CFPOP – deleting an email when there is a comma in the UID

It seems that a problem has existed with the CFPOP delete action for a number of versions and it has not been fixed. The problem occurs when trying to delete a single email (or a list of emails) from the mail server where the mail server has included a comma in the UID. eg “1382396111.12731.mydomain.net,S=965”

The CF docs for the CFPOP Delete action says: “UID or a comma-separated list of UIDs to get or delete. Invalid UIDs are ignored.”

So, the abovementioned UID gets split into 2 uids (notice that it has a comma in it) and of course the email is not located so cant be deleted. CFPOP does not include a DELIMITERS parameter to use with the UID paramater which would solve the problem, I think. eg

 
<cfset myUIDlist = "1382051456.15221.mydomain.net,S=965|1382051456.18000.mydomain.net,S=966" />  
<cfpop server = "********" username = "********" password = "******** 
	action = "Delete" uid="#myUIDlist#" delimiter="|" >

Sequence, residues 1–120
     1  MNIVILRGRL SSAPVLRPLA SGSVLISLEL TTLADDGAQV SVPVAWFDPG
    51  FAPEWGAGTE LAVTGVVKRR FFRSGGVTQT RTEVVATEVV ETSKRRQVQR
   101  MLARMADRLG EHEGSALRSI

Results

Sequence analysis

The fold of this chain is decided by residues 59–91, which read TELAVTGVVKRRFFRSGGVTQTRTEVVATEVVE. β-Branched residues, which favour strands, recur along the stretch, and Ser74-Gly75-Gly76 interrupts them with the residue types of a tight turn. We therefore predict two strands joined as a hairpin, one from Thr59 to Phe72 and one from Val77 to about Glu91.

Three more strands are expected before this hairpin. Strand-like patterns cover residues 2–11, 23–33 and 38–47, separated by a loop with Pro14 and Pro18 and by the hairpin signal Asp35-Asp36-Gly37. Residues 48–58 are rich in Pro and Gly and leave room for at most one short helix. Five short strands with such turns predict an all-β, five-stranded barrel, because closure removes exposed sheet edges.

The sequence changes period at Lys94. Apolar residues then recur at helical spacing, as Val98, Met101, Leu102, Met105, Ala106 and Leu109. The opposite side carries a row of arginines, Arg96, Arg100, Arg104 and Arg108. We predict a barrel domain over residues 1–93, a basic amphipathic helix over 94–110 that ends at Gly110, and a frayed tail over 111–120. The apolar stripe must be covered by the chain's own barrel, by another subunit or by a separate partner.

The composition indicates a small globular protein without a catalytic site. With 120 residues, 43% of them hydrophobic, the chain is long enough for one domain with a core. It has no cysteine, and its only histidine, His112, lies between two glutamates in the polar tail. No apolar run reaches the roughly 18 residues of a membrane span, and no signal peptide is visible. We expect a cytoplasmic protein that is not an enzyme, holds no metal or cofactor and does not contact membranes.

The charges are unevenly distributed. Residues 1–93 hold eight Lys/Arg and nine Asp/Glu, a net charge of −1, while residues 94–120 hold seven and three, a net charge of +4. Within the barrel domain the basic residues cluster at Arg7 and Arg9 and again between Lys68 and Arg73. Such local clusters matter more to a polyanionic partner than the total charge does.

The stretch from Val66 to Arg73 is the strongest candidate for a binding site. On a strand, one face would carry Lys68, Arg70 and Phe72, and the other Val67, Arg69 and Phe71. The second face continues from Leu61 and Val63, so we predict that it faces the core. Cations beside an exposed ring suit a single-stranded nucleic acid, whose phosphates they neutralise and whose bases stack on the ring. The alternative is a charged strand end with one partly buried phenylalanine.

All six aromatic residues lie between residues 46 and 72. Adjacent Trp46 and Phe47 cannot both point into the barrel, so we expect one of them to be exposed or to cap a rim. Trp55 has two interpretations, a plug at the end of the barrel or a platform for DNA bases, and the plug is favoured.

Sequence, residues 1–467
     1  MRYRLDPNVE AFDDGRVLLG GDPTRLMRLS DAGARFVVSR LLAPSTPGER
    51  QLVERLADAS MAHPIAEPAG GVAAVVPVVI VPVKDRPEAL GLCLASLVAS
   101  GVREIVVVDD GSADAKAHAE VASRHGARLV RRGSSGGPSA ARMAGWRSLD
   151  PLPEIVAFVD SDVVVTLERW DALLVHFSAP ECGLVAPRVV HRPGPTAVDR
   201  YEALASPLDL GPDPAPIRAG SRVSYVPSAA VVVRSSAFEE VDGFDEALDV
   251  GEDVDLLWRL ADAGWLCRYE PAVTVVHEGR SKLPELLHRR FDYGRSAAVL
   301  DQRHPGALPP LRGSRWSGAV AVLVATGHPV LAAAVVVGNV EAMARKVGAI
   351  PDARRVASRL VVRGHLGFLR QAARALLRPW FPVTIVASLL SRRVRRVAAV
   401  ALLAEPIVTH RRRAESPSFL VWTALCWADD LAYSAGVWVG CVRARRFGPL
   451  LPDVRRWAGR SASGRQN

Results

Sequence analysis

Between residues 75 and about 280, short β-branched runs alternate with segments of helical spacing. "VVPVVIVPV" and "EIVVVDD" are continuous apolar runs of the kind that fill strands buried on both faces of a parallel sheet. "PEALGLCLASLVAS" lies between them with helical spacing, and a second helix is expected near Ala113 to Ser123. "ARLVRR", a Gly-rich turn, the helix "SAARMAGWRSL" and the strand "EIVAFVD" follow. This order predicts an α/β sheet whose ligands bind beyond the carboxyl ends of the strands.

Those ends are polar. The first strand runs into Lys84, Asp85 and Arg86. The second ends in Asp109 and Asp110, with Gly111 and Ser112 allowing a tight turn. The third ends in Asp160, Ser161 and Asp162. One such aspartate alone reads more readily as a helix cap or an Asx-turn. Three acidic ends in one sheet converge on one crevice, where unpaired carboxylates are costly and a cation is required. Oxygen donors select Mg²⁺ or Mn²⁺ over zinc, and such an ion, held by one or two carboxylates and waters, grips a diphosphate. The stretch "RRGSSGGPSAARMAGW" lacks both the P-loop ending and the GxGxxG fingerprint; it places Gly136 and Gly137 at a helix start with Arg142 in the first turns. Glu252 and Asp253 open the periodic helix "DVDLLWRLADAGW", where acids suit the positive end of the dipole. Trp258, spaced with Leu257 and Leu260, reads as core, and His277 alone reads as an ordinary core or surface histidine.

Fortunately, there is a solution – use POP CFC instead of CFPOP! Thanks to Paul Vernon.

So, here is a sample page to demonstrate a way to use POP CFC.

<cfscript>
/**
 * Example of reading, processing then deleting individual emails from the pop mail server
 * using the POP CFC custom component.
 * http://popcfc.riaforge.org/
 */

	// To make it easier to rescope this example (local, variables ... whatever)
variables.s = {};

			// Initialise the custom POP CFC component. Used instead of CFPOP
			// Set your values here
s.popAccount = createObject("component", "pop").init(myPopServerHostname, myUsername, myPassword)

			// Specify a non-comma separator for the UID lists. 
			// You must do this in order for the list functionality
			// of POP CFC to work (including deletions)
s.mySeparator = "|";